Whistleblower Protection Act Amendments – H.R. 985 and S. 274
Why are Amendments to the Whistleblower Protection Act Necessary?
• In 1989, Congress unanimously passed the Whistleblower Protection Act (“WPA”) for the federal civil service as the strongest free speech law in history, on paper. Unfortunately, the law has been functionally overturned by a series of increasingly hostile case decisions from the U.S. Court of Appeals for the Federal Circuit, which holds a monopoly on judicial review of whistleblower cases. In practice it has become an efficient mechanism to rubber stamp retaliation – an enforcement weapon for secrecy, instead of a shield for freedom of speech.
• Although the law on paper protects “any” lawful disclosure an employee “reasonably believes evidence” significant misconduct, the Court now excludes the most common situations in which whistleblower disclosures are made, including if the whistleblower disclosure is made in the course of doing one’s job duties (like an auditor or safety inspector), or if someone else previously has pointed out the same misconduct. The court translated “reasonably believes evidences” into “irrefragable proof,” defined as “incapable of being overthrown, incontestable, undeniable, or incontrovertible.”
• The bottom line is that government whistleblowers virtually always lose hearings and appeals when they challenge retaliation, which means the law is hurting freedom of speech more than it is helping. Since Congress unanimously strengthened the law in 1994, whistleblowers are on the losing end of a 2-201 track record for decisions on the merits by the Federal Circuit of Appeals, which has a monopoly on appellate review.
• The attacks on September 11, 2001, resulted in a wave of whistleblowing by those on the frontlines protecting the United States from further acts of terrorism. Unfortunately, these employees are the most vulnerable to retaliation when they disclose government wrongdoing that is threatening U.S. national security. The first tactic used by managers fearing criticism and embarrassment if security failings are exposed is to silence security professionals by suspending or revoking their security clearance. There is currently no independent review of security clearance revocations, so this type of retaliation almost always results in the termination of the employee who spoke out.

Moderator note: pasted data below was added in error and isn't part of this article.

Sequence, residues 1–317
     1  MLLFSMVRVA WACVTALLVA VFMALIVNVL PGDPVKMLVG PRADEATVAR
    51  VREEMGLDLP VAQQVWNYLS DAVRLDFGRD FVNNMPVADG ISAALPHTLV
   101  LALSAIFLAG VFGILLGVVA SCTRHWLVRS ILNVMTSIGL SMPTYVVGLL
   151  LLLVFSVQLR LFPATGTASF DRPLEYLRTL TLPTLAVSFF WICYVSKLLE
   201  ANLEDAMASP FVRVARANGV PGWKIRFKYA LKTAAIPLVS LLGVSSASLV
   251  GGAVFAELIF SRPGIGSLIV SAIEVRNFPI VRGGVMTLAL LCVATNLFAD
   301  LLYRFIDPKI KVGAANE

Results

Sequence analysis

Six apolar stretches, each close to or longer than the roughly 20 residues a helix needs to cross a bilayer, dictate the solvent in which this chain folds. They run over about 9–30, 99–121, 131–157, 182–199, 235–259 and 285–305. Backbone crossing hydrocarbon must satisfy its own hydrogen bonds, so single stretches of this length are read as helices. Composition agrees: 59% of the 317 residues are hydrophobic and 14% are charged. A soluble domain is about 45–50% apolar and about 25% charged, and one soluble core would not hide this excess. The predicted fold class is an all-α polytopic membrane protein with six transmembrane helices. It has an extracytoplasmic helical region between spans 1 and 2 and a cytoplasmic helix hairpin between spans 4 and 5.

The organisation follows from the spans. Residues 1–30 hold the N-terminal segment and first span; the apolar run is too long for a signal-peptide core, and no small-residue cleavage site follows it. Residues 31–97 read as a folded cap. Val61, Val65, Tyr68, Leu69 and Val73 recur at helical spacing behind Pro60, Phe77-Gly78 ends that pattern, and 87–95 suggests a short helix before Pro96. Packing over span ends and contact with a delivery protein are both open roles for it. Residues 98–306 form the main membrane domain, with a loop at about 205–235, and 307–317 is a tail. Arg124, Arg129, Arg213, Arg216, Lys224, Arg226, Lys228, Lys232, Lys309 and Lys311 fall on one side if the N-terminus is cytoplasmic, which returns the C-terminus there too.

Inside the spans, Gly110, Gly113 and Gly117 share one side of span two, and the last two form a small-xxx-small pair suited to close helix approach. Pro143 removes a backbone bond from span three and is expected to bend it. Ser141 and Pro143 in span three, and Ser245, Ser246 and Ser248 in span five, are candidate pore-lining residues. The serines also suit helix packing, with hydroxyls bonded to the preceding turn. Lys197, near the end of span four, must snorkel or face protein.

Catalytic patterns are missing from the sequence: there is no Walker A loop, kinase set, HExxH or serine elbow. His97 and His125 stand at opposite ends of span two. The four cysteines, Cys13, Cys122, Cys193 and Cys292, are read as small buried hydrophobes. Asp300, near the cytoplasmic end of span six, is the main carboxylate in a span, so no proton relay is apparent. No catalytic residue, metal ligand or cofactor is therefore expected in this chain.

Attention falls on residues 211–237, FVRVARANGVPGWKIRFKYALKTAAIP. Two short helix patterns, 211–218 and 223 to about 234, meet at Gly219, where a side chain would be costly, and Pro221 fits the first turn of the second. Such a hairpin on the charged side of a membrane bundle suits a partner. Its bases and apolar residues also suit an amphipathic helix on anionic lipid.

• Jury trials for cases of whistleblower retaliation are necessary because they have long been recognized as a whistleblower’s only genuine opportunity for a fair day in court – with justice decided by the taxpayers who the employee purports to defend while risking professional termination. In 2002, Congress provided that right to corporate workers. In July 2005, it extended the right to Department of Energy and Nuclear Regulatory Commission whistleblowers. The current administrative hearing process is hopelessly politicized, with a 2-53 track record against whistleblowers since the current Bush Administration appointee, Neil McPhie, became Chairman of the Merit Systems Protection Board in 2003.
What would the amendments do?
§ The amendments codify the legislative history of “any” protected disclosure, restoring the scope of protection already approved by three unanimous votes, overturning a series of activist decision from the Federal Circuit that gutted the original scope of protection for employees.
§ The House bill grants jury trials to federal whistleblowers.
§ The House bill extends genuine rights to employees of the FBI and intelligence agencies and to all employees of government contractors.
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